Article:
Course Specifications for
CS 388 Natural Language Processing

Course Overview

The intent of the course is to present a fairly broad graduate-level introduction to Natural Language Processing (NLP, a.k.a. comptuational linguistics), the study of computing systems that can process, understand, or communicate in human language. The primary focus of the course will be on understanding various NLP tasks as listed on the course syllabus, algorithms for effectively solving these problems, and methods for evaluating their performance. There will be a focus on statistical and neural-network learning algorithms that train on (annotated) text corpora to automatically acquire the knowledge needed to perform the task. Class lectures will discuss general issues as well as present abstract algorithms. Implemented versions of some of the algorithms will be provided in order to give a feel for how the systems discussed in class "really work" and allow for extensions and experimentation as part of the course projects.

Course Requirements and Grading

Chapters from the text and a few other readings will be assigned throughout the semester, and the reading should be done before the corresponding class. Copies of the class lecture slides (in Powerpoint) will be available on the course home page. There will be about four homework assignments, a midterm exam, and a final research project.

To encourage and evaluate class participation, at the end of each week, each student should electronically submit on Canvas a short insightful question or comment about that week's lectures and/or reading. These are due the Saturday after each full class week and simply graded as "not submited or bad" (0), "OK" (1), "good" (2), or "very good" (3). The first class of the next week I will discuss a selection of the "good"/"very good" questions. This should not at all discourage questions during class, in fact, you are encouraged to submit a question you already asked in class that week. This just gives you an additional chance to think of a good question off-line.

The homework assignments will involve some programming involving using and building upon existing NLP software packages, and running comptuational experiments to evaluate and analyze these systems. Programming assignments will be in Java, Python and/or TensorFlow. If you do not know these languages, you will need to learn them on your own. You can use your student account on the department workstations or any other platform available to you (however, we will only provide support for running on departmental Unix machines). If you are not a CS student and need a temporary department account, apply on the web here.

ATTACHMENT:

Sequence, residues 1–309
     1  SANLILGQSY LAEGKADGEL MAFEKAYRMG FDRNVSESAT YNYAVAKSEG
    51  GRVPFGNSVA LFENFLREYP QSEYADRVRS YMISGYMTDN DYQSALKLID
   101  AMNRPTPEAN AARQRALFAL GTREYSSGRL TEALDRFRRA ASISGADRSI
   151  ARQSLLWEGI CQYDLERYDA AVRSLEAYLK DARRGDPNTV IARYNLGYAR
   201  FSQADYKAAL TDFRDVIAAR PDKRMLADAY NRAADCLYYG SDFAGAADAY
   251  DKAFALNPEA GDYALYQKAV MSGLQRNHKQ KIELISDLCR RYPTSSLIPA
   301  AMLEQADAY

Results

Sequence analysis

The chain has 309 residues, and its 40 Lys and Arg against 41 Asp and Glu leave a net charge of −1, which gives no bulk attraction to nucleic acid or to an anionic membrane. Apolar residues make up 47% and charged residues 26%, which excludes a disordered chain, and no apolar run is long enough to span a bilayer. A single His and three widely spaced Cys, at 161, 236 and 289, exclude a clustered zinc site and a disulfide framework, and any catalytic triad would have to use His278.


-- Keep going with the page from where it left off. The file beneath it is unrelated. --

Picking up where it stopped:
The midterm exam, scheduled during class on Wed March 7, 2018 will consist of a mix of problem solving and short answer questions covering the material in the first half of the course. For an example, see last year's midterm on the course home page.

The final project can be a more ambitious experiment or enhancement involving an existing NLP system or a new system implementation (in the programming language of your choice). In either case, the implementation and/or experiments should be accompanied by a short paper (about 6 to 7 single-spaced pages) describing the project. An outline for the project report is available here and on the course home page. About a month in advance, you will be asked to submit a one-page project proposal.

Late Submission and Cheating Policies

Homework assignments should be completed independently by each student and any program code should always be appropriately commented and the report nicely formated, using well-designed graphics (graphs, bar charts, etc.) were appropriate. Assignments are due at the beginning of class on the due date. In order to leave time to get to class on time, the deadline for on-line submissions is 15 minutes prior to the start of class. Be sure to hand in assignments on time, late penalties are a loss of a percentage of the original overall points for the assignment: 1 Day: 15%, 2 Days: 40%; 3 Days: 75%; past 3 days: 100%. A day is a 24 hour period starting at the beginning of class and includes all weekend days and holidays.

The very strong preference is for team final projects from pairs of 2 students; however, projects done by 1 or 3 students are possible on rare ocassions with prior approval of the instructor.

Read the department's academic policy page. Students who demonstrably violate the Academic Honesty policy will receive a failing grade in the class. We will be using the Moss system to screen submited programs for plagiarism. Over the years, I unfortunately had to fail over twenty students for copying on programming assignments. To avoid problems, limit any discussion of assignments with other students to clarification of the requirements or definitions of the problems, or to understanding the existing programs or general course material. Never discuss issues directly relevant to problem solutions.

Final Grade

The final grade will be computed as follows:
36%  Homeworks  
24%  Midterm Exam  
33%  Final Project 
 7%  Class Participation (Questions of the Week)